In regards to recent news
on the presence of arsenic in rice and rice-based products, Delight Gluten-Free Magazine shares the response from the American Celiac Disease Alliance
, an organization our magazine is proud to be a part of.
The ACDA appreciates the FDA releasing the preliminary data on sampling the agency has done to determine the presence of arsenic in rice and rice products. This news has generated concern within the celiac and gluten-intolerant communities as rice is the most common grain used in gluten-free products and individuals following a gluten-free diet are likely to consume more rice-based products than the average American.
Earlier this year, Consumer Reports (CR) tested rice and rice based products and found measurable amounts of both inorganic arsenic, a known carcinogen, as well as organic arsenic, less toxic but still of concern, in those samples. This information lead the FDA to undertake its own study sampling significantly more products, and to share the early findings. While arsenic is found in foods throughout the food chain, in their natural state, or when processed into other products, it is not known where the threshold of safety ends and harm begins. The FDA indicates it is moving to gather and analyze the data necessary to make sound scientific judgments regarding the levels which may cause potential health risks. The ACDA is urging the FDA to act expeditiously as Americans with celiac disease and gluten-intolerance may be at greater risk of danger as a result of following a gluten-free diet.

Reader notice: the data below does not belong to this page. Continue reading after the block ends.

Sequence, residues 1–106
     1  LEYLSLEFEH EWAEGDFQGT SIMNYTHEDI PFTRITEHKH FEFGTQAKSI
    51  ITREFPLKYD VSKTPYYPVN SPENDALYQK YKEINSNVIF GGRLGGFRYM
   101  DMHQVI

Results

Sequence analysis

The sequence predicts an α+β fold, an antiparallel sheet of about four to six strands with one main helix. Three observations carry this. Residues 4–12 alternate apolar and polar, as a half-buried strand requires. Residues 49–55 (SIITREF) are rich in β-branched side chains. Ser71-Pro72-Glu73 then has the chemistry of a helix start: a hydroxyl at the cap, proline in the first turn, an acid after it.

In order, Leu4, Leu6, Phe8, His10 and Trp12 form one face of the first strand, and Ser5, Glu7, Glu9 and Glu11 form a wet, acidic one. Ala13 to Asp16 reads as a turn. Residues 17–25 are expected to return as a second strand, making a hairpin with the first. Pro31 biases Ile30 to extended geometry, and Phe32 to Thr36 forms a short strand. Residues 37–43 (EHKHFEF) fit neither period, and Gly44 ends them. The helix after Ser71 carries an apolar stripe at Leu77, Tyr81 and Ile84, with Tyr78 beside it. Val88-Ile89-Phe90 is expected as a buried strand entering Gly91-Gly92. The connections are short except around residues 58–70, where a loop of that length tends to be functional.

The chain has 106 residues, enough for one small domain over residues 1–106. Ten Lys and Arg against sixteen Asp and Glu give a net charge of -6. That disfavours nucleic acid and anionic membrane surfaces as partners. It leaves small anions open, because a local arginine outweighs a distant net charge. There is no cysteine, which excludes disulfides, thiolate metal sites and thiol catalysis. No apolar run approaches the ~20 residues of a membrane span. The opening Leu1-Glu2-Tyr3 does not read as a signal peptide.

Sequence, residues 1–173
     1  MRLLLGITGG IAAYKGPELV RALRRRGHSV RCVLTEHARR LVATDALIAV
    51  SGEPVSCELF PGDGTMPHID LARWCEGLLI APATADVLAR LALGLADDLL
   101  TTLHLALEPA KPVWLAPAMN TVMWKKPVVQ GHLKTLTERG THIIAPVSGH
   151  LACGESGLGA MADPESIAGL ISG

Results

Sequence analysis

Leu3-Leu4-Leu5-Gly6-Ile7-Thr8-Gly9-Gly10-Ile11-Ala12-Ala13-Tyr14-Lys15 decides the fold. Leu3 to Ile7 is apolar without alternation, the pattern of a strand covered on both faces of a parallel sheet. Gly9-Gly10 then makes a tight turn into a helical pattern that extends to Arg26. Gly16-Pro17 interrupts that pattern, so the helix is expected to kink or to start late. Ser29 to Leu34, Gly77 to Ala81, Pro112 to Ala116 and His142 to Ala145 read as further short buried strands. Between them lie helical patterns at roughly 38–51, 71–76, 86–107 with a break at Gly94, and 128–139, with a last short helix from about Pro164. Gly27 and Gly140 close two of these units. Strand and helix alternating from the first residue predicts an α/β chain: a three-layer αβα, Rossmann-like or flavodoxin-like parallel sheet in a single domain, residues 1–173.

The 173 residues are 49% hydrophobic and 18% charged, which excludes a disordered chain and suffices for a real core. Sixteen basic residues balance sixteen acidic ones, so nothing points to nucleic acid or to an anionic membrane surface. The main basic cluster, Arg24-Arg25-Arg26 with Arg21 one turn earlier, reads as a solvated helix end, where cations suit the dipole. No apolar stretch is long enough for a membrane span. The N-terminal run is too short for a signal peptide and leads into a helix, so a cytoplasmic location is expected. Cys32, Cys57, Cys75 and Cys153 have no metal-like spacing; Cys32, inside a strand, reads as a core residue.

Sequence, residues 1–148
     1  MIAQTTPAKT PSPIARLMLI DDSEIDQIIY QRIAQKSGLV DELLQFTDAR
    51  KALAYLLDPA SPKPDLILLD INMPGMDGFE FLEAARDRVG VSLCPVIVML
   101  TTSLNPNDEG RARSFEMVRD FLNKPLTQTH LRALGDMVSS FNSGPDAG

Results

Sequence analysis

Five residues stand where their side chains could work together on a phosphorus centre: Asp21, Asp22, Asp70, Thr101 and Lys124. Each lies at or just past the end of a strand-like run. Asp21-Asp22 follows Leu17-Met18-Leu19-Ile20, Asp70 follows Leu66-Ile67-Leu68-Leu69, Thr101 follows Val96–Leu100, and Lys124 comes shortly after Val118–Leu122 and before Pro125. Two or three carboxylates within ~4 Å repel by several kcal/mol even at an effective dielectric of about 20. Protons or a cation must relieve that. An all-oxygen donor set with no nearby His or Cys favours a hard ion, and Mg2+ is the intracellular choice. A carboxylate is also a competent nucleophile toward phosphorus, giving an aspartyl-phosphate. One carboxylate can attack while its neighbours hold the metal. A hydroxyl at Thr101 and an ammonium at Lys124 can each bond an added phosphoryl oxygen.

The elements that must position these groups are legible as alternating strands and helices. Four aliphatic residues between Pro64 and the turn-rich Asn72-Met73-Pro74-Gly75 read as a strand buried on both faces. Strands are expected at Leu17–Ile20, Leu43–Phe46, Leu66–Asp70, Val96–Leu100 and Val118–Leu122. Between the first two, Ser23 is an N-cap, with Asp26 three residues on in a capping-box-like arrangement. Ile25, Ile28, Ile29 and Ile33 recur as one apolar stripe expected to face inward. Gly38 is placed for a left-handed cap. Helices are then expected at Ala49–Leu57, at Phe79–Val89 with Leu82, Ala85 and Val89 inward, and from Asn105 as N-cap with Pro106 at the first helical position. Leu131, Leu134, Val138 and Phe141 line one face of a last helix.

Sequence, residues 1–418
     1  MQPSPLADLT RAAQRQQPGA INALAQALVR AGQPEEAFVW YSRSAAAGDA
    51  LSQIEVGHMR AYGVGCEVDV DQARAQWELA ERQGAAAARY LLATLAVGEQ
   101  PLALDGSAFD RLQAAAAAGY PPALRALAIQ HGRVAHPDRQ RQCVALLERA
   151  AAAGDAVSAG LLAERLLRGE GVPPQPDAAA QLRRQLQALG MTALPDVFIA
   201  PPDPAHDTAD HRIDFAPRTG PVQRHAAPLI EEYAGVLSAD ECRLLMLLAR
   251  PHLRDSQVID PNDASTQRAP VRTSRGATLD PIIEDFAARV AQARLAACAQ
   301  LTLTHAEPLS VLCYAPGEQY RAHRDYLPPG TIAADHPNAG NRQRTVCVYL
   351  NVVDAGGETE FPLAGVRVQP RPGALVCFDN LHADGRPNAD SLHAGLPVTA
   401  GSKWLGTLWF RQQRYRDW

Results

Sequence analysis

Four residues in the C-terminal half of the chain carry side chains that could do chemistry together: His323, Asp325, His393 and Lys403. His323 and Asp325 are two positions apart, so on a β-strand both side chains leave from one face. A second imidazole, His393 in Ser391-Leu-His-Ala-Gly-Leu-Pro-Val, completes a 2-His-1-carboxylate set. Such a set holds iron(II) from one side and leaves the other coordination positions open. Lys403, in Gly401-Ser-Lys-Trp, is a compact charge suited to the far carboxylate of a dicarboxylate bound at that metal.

At this time, the science does not exist for the ACDA to make a recommendation regarding the consumption of rice or rice based products for persons with celiac disease or gluten intolerance. However, wedo recommendthat individuals following a gluten-free diet consume a diverse diet that incorporates a broad range of whole grains such as corn, quinoa, amaranth, sorghum, and buckwheat, into their diet in an effort to maximize nutrition.
Fri, September 21, 2012
by Vanessa Maltin Weisbrod filed under